Read all about it: a comment on the gap between media reporting and the contents of the Family Justice Review

Guestpost:  Network on Family, Regulation and Society

Last week the Family Justice Review panel published their final report containing recommendations to improve public and private law family proceedings ( Reporting of the 225 page report reduced the Review’s careful research and comprehensive recommendations to a plethora of inflammatory headlines claiming that the FJR panel had refused to recognise that fathers should have equal parenting rights following parental separation.

Broadly speaking, this came as no surprise. That media coverage of the report ran almost universally under headlines designed to provide a red rag to the fathers’ rights bull was disappointing, however. It was also troubling in three respects.

First, the reporting in relation to fathers rights was strikingly (and, it appeared in many cases, wilfully) misleading. The headlines seem to have been formed on the basis of the recommendation that the law should not be amended to introduce a presumption in favour of equal shared parenting after separation. This recommendation was made in reference to claims that children should spend 50% of their time with each parent; it did not suggest that fathers (or indeed non-resident mothers) should not have contact with their children. Neither did the report say anything to suggest that shared parenting (as distinct from shared time) should be opposed. On the contrary, the report clearly emphasises and supports the current position, which is that almost all separated parents do share parental responsibility for their children.

Secondly, the reporting was a distraction from the concern of the Review, which was with the family justice system overall, and from some very interesting recommendations on how to make the system function more effectively.

Thirdly the work and recommendations of the Review panel represented a genuine attempt to infuse the rules and workings of family justice with evidence-based information about what is likely to improve outcomes for children. In relation to shared parenting, a wealth of quality research evidence (referenced in the report) indicates that a presumption in favour of equal time with each parent can lead to arrangements which are contrary to the best interests of children. The resort to attention-grabbing headlines about fathers’ rights without any reference to the evidence on the matter is indicative of a general disregard for and/or disinterest in information about what really matters for vulnerable children. This is dangerous.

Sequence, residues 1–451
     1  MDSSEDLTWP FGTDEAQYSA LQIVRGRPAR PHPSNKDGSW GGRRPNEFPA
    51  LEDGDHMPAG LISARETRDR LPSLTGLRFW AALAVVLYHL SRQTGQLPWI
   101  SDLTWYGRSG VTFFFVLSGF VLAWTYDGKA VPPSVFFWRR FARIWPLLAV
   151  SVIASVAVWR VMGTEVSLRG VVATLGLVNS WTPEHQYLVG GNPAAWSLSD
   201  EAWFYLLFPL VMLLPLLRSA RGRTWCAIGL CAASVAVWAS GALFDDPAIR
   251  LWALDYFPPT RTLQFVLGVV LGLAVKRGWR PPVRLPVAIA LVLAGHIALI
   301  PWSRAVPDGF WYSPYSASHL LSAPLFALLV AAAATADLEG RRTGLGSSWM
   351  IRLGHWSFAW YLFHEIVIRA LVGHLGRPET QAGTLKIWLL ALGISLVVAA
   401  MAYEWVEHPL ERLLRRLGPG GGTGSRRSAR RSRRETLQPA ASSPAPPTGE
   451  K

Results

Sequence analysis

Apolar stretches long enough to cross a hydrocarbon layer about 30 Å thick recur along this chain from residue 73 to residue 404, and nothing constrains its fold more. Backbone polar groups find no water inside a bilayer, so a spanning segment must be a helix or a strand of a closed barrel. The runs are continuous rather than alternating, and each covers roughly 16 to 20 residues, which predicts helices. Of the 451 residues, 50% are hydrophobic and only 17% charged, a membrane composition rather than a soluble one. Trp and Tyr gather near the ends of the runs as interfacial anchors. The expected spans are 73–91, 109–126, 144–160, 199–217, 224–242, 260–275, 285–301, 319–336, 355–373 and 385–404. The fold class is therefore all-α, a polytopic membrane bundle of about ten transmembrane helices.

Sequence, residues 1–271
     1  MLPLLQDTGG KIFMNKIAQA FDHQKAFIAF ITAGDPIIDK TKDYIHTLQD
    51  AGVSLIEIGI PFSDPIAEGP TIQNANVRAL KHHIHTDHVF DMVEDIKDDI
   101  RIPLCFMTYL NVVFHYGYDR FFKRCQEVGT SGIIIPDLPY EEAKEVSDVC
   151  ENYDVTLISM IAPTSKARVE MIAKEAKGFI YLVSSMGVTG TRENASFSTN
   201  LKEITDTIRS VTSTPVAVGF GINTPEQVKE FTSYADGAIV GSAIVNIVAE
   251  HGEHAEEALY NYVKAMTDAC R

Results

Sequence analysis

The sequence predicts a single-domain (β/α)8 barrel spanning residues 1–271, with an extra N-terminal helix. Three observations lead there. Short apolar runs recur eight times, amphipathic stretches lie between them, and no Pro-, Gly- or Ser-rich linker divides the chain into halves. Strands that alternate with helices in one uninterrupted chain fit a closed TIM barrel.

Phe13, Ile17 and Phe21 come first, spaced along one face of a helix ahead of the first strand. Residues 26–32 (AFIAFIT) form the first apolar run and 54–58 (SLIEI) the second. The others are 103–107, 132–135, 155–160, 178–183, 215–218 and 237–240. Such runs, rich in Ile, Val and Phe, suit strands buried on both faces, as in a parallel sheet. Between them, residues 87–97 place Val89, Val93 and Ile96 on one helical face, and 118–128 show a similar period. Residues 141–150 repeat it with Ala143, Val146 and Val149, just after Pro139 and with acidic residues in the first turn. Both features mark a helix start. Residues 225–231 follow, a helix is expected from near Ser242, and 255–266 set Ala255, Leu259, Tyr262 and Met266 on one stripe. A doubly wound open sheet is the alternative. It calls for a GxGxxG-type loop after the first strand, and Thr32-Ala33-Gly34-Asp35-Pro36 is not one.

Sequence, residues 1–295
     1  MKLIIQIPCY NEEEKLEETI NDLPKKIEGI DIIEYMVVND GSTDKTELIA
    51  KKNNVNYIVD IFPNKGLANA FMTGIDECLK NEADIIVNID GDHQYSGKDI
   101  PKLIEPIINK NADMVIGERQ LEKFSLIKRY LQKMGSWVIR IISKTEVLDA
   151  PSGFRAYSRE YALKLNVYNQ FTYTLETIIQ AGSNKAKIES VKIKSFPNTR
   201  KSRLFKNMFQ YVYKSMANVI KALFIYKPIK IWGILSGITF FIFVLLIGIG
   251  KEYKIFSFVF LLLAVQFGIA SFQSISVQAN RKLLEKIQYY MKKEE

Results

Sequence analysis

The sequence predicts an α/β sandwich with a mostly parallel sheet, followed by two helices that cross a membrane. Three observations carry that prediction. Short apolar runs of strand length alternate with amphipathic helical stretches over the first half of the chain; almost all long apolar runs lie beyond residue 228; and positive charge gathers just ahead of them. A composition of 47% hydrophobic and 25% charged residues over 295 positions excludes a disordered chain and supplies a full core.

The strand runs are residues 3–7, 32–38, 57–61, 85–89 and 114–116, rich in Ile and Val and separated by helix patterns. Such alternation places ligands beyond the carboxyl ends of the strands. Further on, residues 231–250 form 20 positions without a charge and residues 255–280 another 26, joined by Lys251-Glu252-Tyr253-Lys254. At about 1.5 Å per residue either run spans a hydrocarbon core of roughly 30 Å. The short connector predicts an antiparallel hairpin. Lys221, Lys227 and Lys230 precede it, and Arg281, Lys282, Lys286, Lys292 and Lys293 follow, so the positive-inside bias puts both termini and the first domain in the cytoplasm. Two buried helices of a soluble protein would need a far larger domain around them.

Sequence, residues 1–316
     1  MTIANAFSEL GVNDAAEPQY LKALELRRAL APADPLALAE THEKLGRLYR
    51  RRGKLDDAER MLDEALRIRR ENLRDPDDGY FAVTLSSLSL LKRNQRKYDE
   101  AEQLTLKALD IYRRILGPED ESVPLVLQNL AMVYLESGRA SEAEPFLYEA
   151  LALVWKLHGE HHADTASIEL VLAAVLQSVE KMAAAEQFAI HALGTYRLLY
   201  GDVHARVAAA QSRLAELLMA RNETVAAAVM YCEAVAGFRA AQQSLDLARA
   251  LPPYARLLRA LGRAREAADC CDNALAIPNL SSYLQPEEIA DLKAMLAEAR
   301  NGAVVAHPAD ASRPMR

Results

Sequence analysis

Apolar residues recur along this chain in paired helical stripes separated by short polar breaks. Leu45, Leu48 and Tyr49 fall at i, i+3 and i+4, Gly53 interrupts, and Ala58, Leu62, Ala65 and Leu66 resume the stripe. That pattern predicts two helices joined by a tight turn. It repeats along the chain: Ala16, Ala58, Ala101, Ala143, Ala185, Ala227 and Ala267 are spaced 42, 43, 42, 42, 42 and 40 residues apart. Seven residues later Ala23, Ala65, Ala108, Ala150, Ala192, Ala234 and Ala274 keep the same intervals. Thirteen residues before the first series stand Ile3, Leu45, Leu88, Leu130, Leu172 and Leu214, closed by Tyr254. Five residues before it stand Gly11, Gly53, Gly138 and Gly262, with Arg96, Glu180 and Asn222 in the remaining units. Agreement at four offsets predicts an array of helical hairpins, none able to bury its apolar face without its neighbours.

Opportunities for gathering and reporting evidence about the workings of the family justice system and reflecting on how the system could be improved on this scale do not come about often. Much of what is in the FJR report holds the promise of genuine improvements to family justice system rules and processes which might generate far better outcomes for children and families. There is also much in the report which merits serious debate and discussion before any final decisions about changes to the family justice system are made. It would be a great shame if, in its wake, misinformation about the case for adjusting the law relating to shared parenting provided the principal impetus for discussion and reform.

For this reason, the members of the Network on Family, Regulation and Society would like to see some constructive engagement with the full spectrum of issues and recommendations highlighted in the report. Readers with similar aspirations should read our short summary and discussion of the report here

*This is the first blog of the Network on Family, Regulation and Society, a collection of researchers from the Universities of Bath, Bristol, Cardiff and Exeter with extensive experience of researching family law and policy matters. We plan to launch our own site containing regular blogs on family matters in the near future. In the meantime, you can find out more about the Network and its members here:

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